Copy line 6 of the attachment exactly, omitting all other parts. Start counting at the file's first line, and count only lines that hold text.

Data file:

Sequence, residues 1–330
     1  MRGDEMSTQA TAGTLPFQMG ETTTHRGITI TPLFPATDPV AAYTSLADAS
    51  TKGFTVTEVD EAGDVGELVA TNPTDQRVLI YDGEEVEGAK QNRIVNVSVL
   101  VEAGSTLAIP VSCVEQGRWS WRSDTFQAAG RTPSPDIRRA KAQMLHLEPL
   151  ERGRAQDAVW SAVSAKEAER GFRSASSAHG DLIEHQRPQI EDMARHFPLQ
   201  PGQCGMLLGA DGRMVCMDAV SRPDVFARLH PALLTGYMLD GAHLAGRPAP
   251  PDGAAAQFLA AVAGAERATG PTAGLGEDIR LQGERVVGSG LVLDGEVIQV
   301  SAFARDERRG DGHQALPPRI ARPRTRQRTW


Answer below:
   201  PGQCGMLLGA DGRMVCMDAV SRPDVFARLH PALLTGYMLD GAHLAGRPAP